Children up to 21 or above 21 years of age who are serving full-time National Service or attending tertiary education (e.g. university) may apply for child maintenance.
The Family Justice Court may order such maintenance to be made through a lump-sum payment or periodic payments.
Principles concerning lump sum maintenance payments
Lump-sum maintenance payment may be ordered where:
- there is a need for a clean break in the marriage to avoid further litigation and acrimony between the parties;
- it would not cripple the husband financially; and
- if there is reason to believe that defaults in payments may be likely.
In most cases, as between the former spouses, a clean break would be desirable:
- Especially where there remains much animosity between the parties. This prevents any further legal disputes between the parties, such as where there is a multiplicity of legal proceedings generated.
- Parties may also have moved on with their lives, such as getting remarried and having their own separate families.
The Court also looks at the husband’s ability to afford a lump sum payment given his earning capacity and financial resources. If the husband has sufficient financial resources/ substantial assets, the Courts may order a lump sum payment since this would not cripple the husband financially.
As to the risk of default in payments, the Court would need an indication that the husband has or is likely to default on payment, given his history of payments (or lack thereof) or whether he has plans to move out of Singapore.
It is important to note that maintenance for an ex-wife is not a given, and even nominal maintenance will not be ordered automatically or as a matter of course.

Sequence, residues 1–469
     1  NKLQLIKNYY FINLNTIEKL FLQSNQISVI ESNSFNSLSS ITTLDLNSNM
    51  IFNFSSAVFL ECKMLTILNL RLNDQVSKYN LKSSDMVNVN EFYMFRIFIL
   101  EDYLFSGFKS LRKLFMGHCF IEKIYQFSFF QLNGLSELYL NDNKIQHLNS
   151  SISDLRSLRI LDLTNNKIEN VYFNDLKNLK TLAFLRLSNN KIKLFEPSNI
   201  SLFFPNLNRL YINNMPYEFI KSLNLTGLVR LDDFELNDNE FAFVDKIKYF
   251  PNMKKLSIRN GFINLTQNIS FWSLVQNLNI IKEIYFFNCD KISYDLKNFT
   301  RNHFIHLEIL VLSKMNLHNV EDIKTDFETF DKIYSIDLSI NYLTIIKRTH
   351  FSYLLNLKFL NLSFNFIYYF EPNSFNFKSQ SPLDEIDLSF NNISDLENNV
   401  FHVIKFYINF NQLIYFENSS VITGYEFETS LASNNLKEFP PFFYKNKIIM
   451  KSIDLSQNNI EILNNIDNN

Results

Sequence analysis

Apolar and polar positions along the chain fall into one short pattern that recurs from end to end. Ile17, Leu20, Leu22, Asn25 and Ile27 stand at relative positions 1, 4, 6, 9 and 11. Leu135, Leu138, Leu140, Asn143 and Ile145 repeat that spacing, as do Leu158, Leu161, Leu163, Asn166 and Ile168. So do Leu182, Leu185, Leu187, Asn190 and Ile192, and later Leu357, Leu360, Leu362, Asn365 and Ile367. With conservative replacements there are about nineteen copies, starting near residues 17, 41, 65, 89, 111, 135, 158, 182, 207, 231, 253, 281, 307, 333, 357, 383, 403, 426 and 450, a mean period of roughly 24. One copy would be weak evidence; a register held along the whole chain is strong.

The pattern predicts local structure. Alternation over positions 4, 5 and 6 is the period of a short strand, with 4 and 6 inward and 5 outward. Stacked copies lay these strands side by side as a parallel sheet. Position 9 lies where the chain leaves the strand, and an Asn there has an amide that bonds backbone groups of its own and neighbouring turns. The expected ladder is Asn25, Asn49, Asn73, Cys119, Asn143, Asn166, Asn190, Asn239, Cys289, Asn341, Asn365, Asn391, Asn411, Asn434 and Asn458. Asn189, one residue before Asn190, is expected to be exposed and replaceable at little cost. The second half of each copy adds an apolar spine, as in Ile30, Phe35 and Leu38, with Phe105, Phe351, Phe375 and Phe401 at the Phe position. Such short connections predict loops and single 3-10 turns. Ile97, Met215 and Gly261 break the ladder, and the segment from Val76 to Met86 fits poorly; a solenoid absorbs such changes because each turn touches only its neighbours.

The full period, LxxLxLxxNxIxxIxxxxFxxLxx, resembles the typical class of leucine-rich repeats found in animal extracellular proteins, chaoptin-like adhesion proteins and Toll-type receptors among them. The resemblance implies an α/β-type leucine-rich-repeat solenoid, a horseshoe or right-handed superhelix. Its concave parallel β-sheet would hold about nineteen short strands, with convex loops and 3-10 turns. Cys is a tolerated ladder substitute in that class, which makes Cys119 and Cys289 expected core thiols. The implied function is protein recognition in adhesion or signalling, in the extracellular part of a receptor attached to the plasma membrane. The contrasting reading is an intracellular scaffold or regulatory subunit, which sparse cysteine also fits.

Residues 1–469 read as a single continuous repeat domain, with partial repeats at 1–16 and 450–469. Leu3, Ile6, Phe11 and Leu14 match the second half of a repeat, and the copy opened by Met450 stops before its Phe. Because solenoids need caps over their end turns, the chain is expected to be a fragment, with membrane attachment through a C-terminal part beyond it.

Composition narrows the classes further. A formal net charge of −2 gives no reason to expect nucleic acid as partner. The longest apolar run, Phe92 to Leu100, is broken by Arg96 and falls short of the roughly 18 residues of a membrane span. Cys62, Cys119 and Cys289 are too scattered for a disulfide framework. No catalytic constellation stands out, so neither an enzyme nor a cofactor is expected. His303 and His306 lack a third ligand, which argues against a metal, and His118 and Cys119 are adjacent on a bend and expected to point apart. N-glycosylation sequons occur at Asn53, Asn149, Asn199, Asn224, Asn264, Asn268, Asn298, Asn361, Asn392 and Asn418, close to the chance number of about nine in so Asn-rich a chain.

Wives who apply for maintenance must justify their financial needs and expenses.
Where a wife is gainfully employed throughout the marriage in a dual-income household, it is unlikely that the Court will award the wife any maintenance. This is because she can support herself financially.
However, where a wife has been a housewife for a substantial, if not for most of the marriage (i.e. a single-income household), the Court is likely to grant her maintenance, subject to reasonableness. Of course, this also depends on her age.
The younger the wife is and the shorter the marriage, it may be expected that the wife should endeavour to return to the workforce to secure employment.
However, if the wife is older and has not been working for a longer period or lacks qualifications, such that it will be difficult for her to find another job or return to the workforce, the Court is likely to grant her maintenance.
The issue is then of the quantum of maintenance and whether such maintenance should be by way of lump sum maintenance.
In this regard, the Courts may use the formula in the Court of Appeal case of Ong Chen Leng v Tan Sau Poo  SGCA 53 (“Ong Chen Leng”) as a guide to determine the multiplier (i.e. the number of years for the lump sum maintenance, with the multiplicand being the amount of monthly maintenance):
The Court of Appeal first used the following formula in the case of Ong Chen Leng v Tan Sau Poo  SGCA 53 (“Ong Chen Leng”):
Multiplier = [(Y + Z)/2] – X
X: Payee’s present age
Y: Average age expectancy of the payee
Z: Usual retirement age of payer
(usual retirement age of the payer is the CPF retirement age of 65)
However, it is important to point out that more recently, in the case of TNL v TNK  1 SLR 609;  SGCA 15, the Court of Appeal made it clear at  that the method used in Ong Chen Leng was simply a guide rather than the rule of law and that the award of maintenance must ultimately remain a multi-factorial inquiry by the courts as required under section 114 (1) of the Women’s Charter.
In this regard, section 114 (1) of the Women’s Charter provides that the Court must have regard to all the circumstances of the case, including the following matters:
- the income, earning capacity, property, and other financial resources which each of the parties to the marriage has or is likely to have in the foreseeable future;